Agu married his second wife, Obioma, Onyia’s mother a year after Azuanuka was born and there came Onyia. A year after, Ijeoma, Agu’s Nwanni Festival was second daughte. Agu was a man said by all to be blessed by the gods. “His chi has favoured him” most people would say. It was believed that one of his forefathers was the man who sacrificed himself to save the land when Ayaka, their god of destruction had demanded that the head of a warrior should be sacrificed else, the whole villagers would be wiped out. Thus, the favours of the gods were believed to be vouchsafed on his household subsequently.
Onyia sat down on the floor close to his brother Azuanuka after the hugs and pats his family rendered him generously.
“I hope you know the music has changed?” Agu directed the question to the newest man in the family.
“Ehen. You have to forget the old music and dance to the new one. It is time to get serious with life do you understand? ”
“Yes father” Onyia answered again.
“No playing around oh” Ijeoma, Onyia’s sister said, from her own corner.
“Can we eat now? Azuanuka disrupted and his brothers chuckled.
“Eating is the only thing you can do well” Okenna mocked and everybody laughed including Azuanuka.
“ Look who is talking. If you turn down this food, I’ll go and drown myself in Ngene.” Azuanuka dared.
“Okay. We would begin the preparations for your burial”. Okenna said.
“Animal” Azuanuka said as they all laughed.
This was the happiest time of a man’s life. Being in the gathering of his family, Agu was filled with exuberance which he tried to contain within him. He was grateful to his chi (god) for blessing him with a beautiful and successful family which was enriched with love and vitalized with happiness. His children who were married were doing very well and the young ones were auspicious. Agu immediately let loose. He jumped up from where he was sitting and started men’s dance which was rhyming with the dulcet tones escaping through the holes of the wooden ojas played by Enene Music Group. Other villagers in the gathering joined his family in cheering him; soon after, a whole lot of men joined him in the dance when the beautiful thud of the ogene began to sound. Minutes later, after the men’s dance, Agu’s family encircled again, ready to eat. Obioma , Onyia’S mother was already dishing out the food into a big oku and Awele was passing round the water for washing hands. The beautiful pounded yam and oha soup was served alongside roasted yam and palm oil. Excitement could be seen on everybody’s face because whenever the two mothers, Nkem and Obioma team-worked in the kitchen, a piquant meal would always be the end product. Shortly, there was display of an innate talent in the way Okenna molded his pounded yam into a perfect circle. He stained the whiteness of the beautiful mold he was holding by dipping it into the scrumptious soup and then threw it into his mouth where it immediately went down his gut.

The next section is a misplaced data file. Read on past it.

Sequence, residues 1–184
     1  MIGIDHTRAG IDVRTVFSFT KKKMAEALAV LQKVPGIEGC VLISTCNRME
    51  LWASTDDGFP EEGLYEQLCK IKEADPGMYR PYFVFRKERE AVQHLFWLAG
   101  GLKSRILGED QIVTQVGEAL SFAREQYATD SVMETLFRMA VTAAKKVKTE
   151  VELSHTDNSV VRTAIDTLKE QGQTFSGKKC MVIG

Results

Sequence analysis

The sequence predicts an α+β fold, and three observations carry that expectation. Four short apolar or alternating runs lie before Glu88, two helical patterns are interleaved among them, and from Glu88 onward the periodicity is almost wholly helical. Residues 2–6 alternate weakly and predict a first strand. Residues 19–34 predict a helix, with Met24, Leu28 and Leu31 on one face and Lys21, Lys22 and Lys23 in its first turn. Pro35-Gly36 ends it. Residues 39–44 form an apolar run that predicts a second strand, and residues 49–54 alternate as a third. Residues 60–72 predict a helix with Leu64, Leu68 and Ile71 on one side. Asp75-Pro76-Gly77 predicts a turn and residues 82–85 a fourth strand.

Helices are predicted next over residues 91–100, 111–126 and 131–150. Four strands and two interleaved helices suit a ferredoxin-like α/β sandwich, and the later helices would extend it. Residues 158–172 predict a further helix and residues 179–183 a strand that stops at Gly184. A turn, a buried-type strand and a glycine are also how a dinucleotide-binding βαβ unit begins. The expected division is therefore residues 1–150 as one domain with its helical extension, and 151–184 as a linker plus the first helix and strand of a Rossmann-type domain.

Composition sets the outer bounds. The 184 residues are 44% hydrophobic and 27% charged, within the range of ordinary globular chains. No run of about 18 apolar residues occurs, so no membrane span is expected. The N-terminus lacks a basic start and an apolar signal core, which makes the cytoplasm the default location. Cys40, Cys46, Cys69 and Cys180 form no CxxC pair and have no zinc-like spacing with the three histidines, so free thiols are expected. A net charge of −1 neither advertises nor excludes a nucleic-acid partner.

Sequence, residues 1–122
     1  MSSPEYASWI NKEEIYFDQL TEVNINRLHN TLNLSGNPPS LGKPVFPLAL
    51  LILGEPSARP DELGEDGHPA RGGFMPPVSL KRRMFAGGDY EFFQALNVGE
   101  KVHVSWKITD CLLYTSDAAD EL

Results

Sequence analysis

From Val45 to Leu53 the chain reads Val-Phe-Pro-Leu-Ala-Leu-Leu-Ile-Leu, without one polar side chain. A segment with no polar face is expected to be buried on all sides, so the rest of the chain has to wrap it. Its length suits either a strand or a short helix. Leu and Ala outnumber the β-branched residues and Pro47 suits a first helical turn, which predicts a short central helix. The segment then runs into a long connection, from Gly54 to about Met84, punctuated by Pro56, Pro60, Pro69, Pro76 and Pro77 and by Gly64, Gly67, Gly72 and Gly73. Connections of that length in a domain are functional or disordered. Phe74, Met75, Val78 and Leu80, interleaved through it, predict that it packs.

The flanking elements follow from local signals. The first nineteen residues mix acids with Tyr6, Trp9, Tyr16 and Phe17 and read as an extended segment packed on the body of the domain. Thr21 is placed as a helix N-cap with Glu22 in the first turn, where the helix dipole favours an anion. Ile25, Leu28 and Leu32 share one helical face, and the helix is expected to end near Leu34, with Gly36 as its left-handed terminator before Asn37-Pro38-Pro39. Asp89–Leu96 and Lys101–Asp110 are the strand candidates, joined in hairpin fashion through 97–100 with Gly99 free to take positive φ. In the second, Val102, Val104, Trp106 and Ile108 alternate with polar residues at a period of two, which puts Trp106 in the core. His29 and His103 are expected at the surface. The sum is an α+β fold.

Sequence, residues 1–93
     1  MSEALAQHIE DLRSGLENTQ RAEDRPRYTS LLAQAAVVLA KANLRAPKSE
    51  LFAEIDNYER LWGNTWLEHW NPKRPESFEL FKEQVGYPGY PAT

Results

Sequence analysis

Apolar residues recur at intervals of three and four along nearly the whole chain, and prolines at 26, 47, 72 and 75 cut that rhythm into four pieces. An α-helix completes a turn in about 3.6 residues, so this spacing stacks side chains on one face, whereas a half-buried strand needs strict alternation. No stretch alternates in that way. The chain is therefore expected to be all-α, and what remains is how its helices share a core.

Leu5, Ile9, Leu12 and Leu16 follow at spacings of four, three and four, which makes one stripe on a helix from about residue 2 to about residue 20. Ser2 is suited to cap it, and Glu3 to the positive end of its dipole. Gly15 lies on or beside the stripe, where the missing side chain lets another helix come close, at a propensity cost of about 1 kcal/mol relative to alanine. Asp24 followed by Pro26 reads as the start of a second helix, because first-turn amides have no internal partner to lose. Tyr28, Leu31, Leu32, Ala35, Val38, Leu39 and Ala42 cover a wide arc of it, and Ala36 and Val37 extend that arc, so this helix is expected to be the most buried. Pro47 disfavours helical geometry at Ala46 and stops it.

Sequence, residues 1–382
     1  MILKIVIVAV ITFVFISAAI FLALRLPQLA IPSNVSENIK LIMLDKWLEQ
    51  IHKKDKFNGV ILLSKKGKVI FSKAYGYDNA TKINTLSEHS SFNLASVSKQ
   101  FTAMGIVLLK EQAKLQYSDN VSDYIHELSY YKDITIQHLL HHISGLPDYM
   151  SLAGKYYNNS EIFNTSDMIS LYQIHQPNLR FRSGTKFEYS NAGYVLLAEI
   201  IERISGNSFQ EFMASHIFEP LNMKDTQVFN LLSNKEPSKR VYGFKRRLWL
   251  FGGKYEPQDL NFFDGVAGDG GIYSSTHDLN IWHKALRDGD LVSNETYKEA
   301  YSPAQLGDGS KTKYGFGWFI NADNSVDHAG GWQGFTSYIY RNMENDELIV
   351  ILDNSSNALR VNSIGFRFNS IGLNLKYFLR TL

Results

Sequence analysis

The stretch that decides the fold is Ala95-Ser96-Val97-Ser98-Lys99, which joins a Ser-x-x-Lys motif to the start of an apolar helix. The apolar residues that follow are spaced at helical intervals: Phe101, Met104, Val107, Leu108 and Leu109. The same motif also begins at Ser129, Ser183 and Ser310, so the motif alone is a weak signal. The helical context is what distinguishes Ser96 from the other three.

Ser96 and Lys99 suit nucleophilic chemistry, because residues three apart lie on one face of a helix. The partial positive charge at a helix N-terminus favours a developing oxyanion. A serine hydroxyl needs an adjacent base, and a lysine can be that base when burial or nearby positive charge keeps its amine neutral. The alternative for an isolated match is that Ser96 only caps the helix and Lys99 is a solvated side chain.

“You did not even wait for the blessings to be said”
“Now, who is the hungry lion? Or rather hungry rat” Azuanuka snapped.
“ I’m trying to emulate you my beloved brother”. He said in a sarcastic tone.
“True talk” Azuanuka joined in the sarcasm.
“Ogbu n’echendo!” Ikenwa called out. It was Agu’s title name meaning ‘the tree that provides shades for the bird.’
“Ikenwa!” Agu said rising to greet Ikenwa his implied bosom friend who was approaching their circle.
“This awkward man has come to disturb our peace” Okenna grumbled.
“With his unending gloat”
“Ogbu n’eche ndo!” Ikenwa called out again with a broad smile. They shook hands and embraced themselves. Agu had taken the title after his grandfather, Owo who was known for being so bounteous and accommodating even to foreigners who had probably lost their way. Owo on several occasions had prevented the outburst of war between Umuokwe and different communities. His accommodating spirit was highly admired that he became an official arbitrator in Umuokwe and in any relationship he declared peace, peace flowed. The peak of Owo’s career as an arbitrator was when the hostility which seemed unending between Agbo village and Eneuno was terminated by Owo’s intervention but the disheartening thing was that the two villages had teamed up against Umuokwe.
“My wives” greeted Ozo’s wives by patting their backs.